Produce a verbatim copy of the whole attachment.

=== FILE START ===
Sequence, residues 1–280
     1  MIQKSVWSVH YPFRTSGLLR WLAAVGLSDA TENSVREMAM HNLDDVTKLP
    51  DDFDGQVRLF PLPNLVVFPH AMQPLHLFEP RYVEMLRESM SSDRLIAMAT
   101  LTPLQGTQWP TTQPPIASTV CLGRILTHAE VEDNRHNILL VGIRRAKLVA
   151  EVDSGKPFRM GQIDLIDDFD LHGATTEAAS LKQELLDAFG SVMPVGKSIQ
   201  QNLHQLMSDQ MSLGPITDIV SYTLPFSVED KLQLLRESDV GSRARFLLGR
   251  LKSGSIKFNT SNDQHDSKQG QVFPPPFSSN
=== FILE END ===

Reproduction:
Sequence, residues 1–280
     1  MIQKSVWSVH YPFRTSGLLR WLAAVGLSDA TENSVREMAM HNLDDVTKLP
    51  DDFDGQVRLF PLPNLVVFPH AMQPLHLFEP RYVEMLRESM SSDRLIAMAT
   101  LTPLQGTQWP TTQPPIASTV CLGRILTHAE VEDNRHNILL VGIRRAKLVA
   151  EVDSGKPFRM GQIDLIDDFD LHGATTEAAS LKQELLDAFG SVMPVGKSIQ
   201  QNLHQLMSDQ MSLGPITDIV SYTLPFSVED KLQLLRESDV GSRARFLLGR
   251  LKSGSIKFNT SNDQHDSKQG QVFPPPFSSN